22. 22.

    Mccauley RJ, Strand EA (2008) A review of standardized tests of nonverbal oral and speech motor performance in children. Am J Speech Lang Pathol. 17:81–91

    PubMed  Article  Google Scholar 

  23. 23.

    Caruso A (1999) Motor speech disorders in children: definitions, background and a theoretical framework. In: Caruso A, Strand EA (eds) Clinical management of motor speech disorders in children. Thieme, New York, NY, pp 1–27

    Google Scholar 

  24. 24.

    Williams P, Stackhouse J (2000) Rate, accuracy, and consistency, diadochokinetic performance of young, normally developing children. Clin Ling Phonetics 14(4):267–293

    Article  Google Scholar 

  25. 25.

    Velleman S.L., Huffman M.J., Mervis C.B. Relations between speech and motor-speech performance in children with duplication syndrome. Paper presented at the International Child Phonology Conference, Minneapolis (2012) MN.

  26. 26.

    Shriberg L, Aram D, Kwiatkowski J (1997) Developmental apraxia of speech, a subtype marked by inappropriate stress. J Speech Lang Hearing Res. 20(2):313–337

    Article  Google Scholar 

  27. 27.

    Skinder A, Strand EA, Mignerey M (1999) Perceptual and acoustic analysis of lexical and sentential stress in children with developmental apraxia of speech. J Med Speech Lang Pathol 7:133–144

    Google Scholar 

Download references

Acknowledgements

The authors wish to thank all the children and parents who participated in this research.

Funding

This research did not receive any specific grant from funding agencies in the public, commercial, or not-for-profit sectors.

Author information

Affiliations

Authors

Contributions

DA shared in designing the research, conducted the clinical work, contributed to data analysis, and writing the paper. OA shared in designing the research, contributed to data analysis, writing and reviewing the paper, and submit the paper for publication. HB shared in designing the research, contributed to data analysis, and reviewing the paper. TA shared in designing the research, contributed to data analysis, and reviewing the paper. All authors read and approved the final manuscript.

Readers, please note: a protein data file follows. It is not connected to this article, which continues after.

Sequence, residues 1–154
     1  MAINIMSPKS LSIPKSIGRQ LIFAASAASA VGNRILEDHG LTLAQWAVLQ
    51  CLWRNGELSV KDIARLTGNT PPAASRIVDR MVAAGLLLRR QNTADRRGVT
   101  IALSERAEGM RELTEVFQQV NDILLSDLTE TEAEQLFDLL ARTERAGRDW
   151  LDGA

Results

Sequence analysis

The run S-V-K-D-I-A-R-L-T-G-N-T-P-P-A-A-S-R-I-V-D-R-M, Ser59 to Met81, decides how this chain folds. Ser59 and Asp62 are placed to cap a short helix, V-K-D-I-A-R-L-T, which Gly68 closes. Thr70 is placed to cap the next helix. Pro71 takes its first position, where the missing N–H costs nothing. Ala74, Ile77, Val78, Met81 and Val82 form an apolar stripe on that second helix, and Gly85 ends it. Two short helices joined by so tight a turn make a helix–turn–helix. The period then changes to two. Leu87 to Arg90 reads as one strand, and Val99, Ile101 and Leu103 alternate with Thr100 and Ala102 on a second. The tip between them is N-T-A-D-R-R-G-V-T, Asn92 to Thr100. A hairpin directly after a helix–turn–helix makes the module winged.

Corresponding author

Correspondence to Omayma Afsah.

Ethics declarations

Ethics approval and consent to participate

Parents of the children have given their written informed consent to participate in the study. The study protocol has been approved by the IRB committee of Mansoura Faculty of Medicine, Mansoura University, Egypt (M.S./119).

Consent for publication

Not applicable.

Competing interests

The authors declare that they have no competing interests.

Additional information

Publisher’s Note

Springer Nature remains neutral with regard to jurisdictional claims in published maps and institutional affiliations.

Supplementary information

Additional file 1.

Arabic Test battery for diagnosis of Childhood Apraxia of Speech in Arabic speakers

Rights and permissions

Open Access This article is licensed under a Creative Commons Attribution 4.0 International License, which permits use, sharing, adaptation, distribution and reproduction in any medium or format, as long as you give appropriate credit to the original author(s) and the source, provide a link to the Creative Commons licence, and indicate if changes were made. The images or other third party material in this article are included in the article's Creative Commons licence, unless indicated otherwise in a credit line to the material. If material is not included in the article's Creative Commons licence and your intended use is not permitted by statutory regulation or exceeds the permitted use, you will need to obtain permission directly from the copyright holder. To view a copy of this licence, visit http://creativecommons.org/licenses/by/4.0/.

Reprints and Permissions

About this article

Verify currency and authenticity via CrossMark

Cite this article

Abdou, D., Afsah, O., Baz, H. et al. Developing a test battery for diagnosis of childhood apraxia of speech in Arabic speakers. Egypt J Otolaryngol 36, 20 (2020). https://doi.org/10.1186/s43163-020-00021-5

Download citation

Keywords

  • Childhood apraxia of speech
  • Speech sound disorders
  • Arabic consonants
  • Test battery